Photo courtesy Calle Soul
For many cities across the country, the start of fall signaled the end of festival season, but for Jacksonians, it meant a few major events were just around the corner, such as the fourth annual LatinFest. Jackson's Latin American Business Association, LABA-Link, created this celebration of Latin heritage and culture, which takes place Sunday, Oct. 25, at the Mississippi Farmers Market.
While LatinFest's offerings include food, dancing, and art from Central and South America, as well as the Caribbean, one of the event's biggest draws is its music lineup, which, this year, includes a performance from Fayetteville, Ark.-based salsa outfit Calle Soul, returning after a successful debut at the 2014 LatinFest.
"We love the audience," percussionist Fernando Sanchez says of the event. "We are doing LatinFest because it was so much fun last year—because the people there had fun."
Sanchez, a native of Cuba, formed Calle Soul in 2009, enlisting the help of Colombian percussionist Fernando Valencia, vocalist Zessna Garcia, bassist Andrew Thompson, pianist Kristy Mezines, flautist Catalina Ortega, trombone players Michael Olefsky and Luke Osborn, and bass trombonist Matt Beach. The band's influences include artists such as Carlos Santana and Latin Grammy Lifetime Achievement Award-winner Larry Harlow, with whom Sanchez once shared the stage on congas.
Most of the musicians studied classical and Latin music at various colleges and wanted to promote a more authentic version of the genre than one might hear on the radio. Sanchez explains the band's salsa music by way of the food that shares its name.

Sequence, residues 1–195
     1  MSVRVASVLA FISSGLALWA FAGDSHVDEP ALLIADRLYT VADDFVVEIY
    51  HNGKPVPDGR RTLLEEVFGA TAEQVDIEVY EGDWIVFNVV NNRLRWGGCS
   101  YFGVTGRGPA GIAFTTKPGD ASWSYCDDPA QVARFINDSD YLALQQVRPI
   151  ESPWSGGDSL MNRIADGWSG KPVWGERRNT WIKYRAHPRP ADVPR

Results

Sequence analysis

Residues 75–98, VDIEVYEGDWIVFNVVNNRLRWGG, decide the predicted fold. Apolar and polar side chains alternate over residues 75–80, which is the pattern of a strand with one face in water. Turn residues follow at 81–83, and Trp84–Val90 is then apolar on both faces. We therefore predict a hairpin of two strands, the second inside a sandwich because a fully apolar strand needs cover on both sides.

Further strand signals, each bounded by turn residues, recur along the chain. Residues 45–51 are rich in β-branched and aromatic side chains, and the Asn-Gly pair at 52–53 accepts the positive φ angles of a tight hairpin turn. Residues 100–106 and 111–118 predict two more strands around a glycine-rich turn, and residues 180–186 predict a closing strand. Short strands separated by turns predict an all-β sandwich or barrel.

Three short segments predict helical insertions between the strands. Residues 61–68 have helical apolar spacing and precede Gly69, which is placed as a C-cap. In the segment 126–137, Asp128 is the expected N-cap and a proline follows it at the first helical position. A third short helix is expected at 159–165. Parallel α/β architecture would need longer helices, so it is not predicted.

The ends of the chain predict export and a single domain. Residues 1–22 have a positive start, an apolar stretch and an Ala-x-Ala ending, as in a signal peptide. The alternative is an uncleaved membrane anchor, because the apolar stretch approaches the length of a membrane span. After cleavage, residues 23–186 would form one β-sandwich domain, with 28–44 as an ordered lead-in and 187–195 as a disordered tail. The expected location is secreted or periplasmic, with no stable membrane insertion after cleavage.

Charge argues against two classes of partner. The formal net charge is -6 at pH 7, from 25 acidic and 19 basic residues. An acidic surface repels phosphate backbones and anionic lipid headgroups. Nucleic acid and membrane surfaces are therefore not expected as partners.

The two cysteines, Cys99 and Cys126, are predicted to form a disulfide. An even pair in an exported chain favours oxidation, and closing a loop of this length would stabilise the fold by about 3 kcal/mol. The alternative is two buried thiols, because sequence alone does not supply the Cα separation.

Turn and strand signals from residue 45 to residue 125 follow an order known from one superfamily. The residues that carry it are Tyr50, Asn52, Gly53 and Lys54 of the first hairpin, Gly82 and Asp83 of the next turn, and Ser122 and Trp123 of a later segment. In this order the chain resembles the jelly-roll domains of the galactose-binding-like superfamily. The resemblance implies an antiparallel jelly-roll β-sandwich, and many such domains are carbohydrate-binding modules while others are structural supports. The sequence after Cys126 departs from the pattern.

"If you think about salsa, it is like a mix of a bunch of different things. That is why we are a salsa band," he says. "The music is really more 'Latin' (than salsa), but here in northwest Arkansas, we don't have many Spanish-speaking people, so the music is salsa, but it is salsa in English."
Valencia says that Calle Soul's music is meant to be a melting pot of real Latin instrumentation, letting the musicians bring together "a little bit of everything."
"There are the bongos and the timbales and all of the traditional Latin instruments," he says. "Usually, the bands that play around the area that claim to play salsa music don't really play it. They usually have something like a MIDI track (pre-recorded computerized instruments) playing in the background, and they play more of a 'Latin-sounding' music. But they're not playing real salsa music."
Valencia says that festivalgoers shouldn't anticipate a quiet night out when they come to this year's LatinFest.
"We will make you want to get up and move," he says. "You will want to dance and have fun."
LatinFest is from 11 a.m. to 8 p.m. on Sunday, Oct. 25, at Mississippi Farmers Market (929 High St.). Admission is $10. For more information on the event, email firstname.lastname@example.org, or visit latinfest.org. For more information on the band, visit callesoulband.com.